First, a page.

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The two terms are equal due to the product rule and continuity equation. The use of the continuity equation might not be obvious, however. In their notation, the Reynolds decomposition is $u_i = \overline{u}_i + u^\prime_i$. Taking the continuity equation and averaging leads to: $$\frac{\partial \overline{u}_j}{\partial x_j} = 0$$ Subtract the equation ...

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The problem you have is more complicated than you think. Any industry that deals with the storage and movement of granulated/powdered materials has to deal with this and most have unique solutions. You need to look at the principles of hopper design. Some of the things that affect any design will be: The angle of repose of the material you intend to use. ...

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It is just saying that since there is no turbulence or dissipation being computed; your solution will be less accurate for lower and lower permeability. As I read it; eddy currents in this model will cross the medium. For a thin wire fence this would match reality; for a furnace filter it would not because the air is laminar as it exits the filter. The ...

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Dolphin skin seems to have properties that limit drag, also by reducing turbulence: In the late 1950s the aerodynamicist Max Kramer claimed that a dolphin ensured a low level of friction drag by maintaining the laminar flow over most parts of its body. The dolphin’s skin having an unusually ordered inner structure was considered to be a natural compliant ...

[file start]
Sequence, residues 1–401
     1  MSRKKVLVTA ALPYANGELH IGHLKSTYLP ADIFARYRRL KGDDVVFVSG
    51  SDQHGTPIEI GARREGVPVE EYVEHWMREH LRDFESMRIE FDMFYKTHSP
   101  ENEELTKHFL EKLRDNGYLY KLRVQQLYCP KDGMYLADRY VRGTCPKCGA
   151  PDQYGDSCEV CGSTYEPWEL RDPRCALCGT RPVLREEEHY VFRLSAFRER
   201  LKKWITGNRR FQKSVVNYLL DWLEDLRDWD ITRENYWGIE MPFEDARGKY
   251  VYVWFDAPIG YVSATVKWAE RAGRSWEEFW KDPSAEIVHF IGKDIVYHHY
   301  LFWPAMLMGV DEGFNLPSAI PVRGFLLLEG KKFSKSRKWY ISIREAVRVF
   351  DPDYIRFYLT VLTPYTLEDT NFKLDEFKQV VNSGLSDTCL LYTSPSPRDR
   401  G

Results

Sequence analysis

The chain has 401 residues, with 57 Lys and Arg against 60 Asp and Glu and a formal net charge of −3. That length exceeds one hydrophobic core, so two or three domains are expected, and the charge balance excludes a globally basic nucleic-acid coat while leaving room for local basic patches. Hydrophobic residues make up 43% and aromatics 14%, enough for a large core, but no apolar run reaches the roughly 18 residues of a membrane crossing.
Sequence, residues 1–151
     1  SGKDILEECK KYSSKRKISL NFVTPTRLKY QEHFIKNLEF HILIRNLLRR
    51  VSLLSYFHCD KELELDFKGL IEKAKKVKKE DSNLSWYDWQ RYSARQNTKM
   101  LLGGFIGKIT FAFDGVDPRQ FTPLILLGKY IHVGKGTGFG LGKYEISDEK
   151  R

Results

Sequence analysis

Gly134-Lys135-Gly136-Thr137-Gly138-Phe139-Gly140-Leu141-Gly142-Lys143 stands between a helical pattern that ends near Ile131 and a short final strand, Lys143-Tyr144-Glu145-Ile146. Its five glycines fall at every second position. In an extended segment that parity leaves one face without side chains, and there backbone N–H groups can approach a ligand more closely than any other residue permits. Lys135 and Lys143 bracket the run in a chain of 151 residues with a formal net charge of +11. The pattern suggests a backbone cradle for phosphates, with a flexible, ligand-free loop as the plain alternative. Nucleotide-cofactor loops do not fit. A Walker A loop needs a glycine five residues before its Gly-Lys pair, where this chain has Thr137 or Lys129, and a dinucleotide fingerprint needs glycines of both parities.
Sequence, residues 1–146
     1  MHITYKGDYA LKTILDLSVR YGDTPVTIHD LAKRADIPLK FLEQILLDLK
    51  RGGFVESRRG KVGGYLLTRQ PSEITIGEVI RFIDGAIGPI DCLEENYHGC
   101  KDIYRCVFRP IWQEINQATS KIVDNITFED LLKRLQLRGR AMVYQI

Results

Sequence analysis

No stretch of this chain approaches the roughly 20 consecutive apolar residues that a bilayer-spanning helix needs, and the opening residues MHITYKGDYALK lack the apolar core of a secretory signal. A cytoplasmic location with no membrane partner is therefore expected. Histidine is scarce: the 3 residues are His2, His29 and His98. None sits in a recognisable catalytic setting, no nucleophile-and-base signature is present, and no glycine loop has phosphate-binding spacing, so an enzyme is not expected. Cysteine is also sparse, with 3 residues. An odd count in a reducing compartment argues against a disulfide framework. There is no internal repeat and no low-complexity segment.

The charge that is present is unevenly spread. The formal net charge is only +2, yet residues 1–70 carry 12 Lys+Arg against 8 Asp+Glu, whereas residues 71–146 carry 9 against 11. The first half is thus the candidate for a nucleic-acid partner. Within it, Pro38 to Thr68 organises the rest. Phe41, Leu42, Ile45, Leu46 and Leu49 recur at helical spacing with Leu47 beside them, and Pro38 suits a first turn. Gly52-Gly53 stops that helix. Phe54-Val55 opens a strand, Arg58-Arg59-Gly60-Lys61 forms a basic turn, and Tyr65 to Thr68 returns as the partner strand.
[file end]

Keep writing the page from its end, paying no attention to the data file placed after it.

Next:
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I think you have a pretty comprehensive list. Some things could be more general such as flow straighteners could also include airfoils for correcting flow around obtuse geometry. Other geometry which may fall under your scope can isolate turbulent areas of flow from laminar areas of flow. Like in a spinning ball flow indicator for example. Here are the ...

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Disclaimer: As you requested general guidelines here they are. After having a converged solution, you need to investigate it thoroughly and look for clues that the choice of the turbulence model altered the flow in an un-physical way. My Rules of Thumb for Turbulence Models The more additional transport equations you solve: the more possibilities exists ...

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For the equilibrium boundary layer, the local skin friction coefficient is independent of two parameters, both the streamwise distance and the Reynolds number, based on the momentum thickness, and the boundary layer thickness is proportional to the streamwise distance. On the other hand, for the non-equilibrium boundary layer, the local skin friction ...

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No, inviscid flows are not necessarily turbulent. If there is nothing to "trip" the turbulence, then the flow will remain laminar. Features which could trip the turbulence include vibration, small temperature fluctuations, any geometric imperfections, velocity field imperfections, and other similar things. For example, potential flow is a type of inviscid ...

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Assuming you are wanting to minimize turbulence in the region of the pump, you would probably need to use flow straighteners somewhere upstream of the pump. You would have to study the optimal diameter and length of the straighteners. MIT simply used drinking straws to do this in a wind tunnel. Here are a couple of the more well known papers on the ...

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In wind tunnels usually meshes and/or honeycombs are used to reduce turbulence. However, to really achieve low turbulence it's probably not enough to add a single component to your facility. I rather suspect you need to evaluate the overall design. Some kind of diffusors at the pipe end(s) might be helpful. If you look at the flow behind bridge pillars, you ...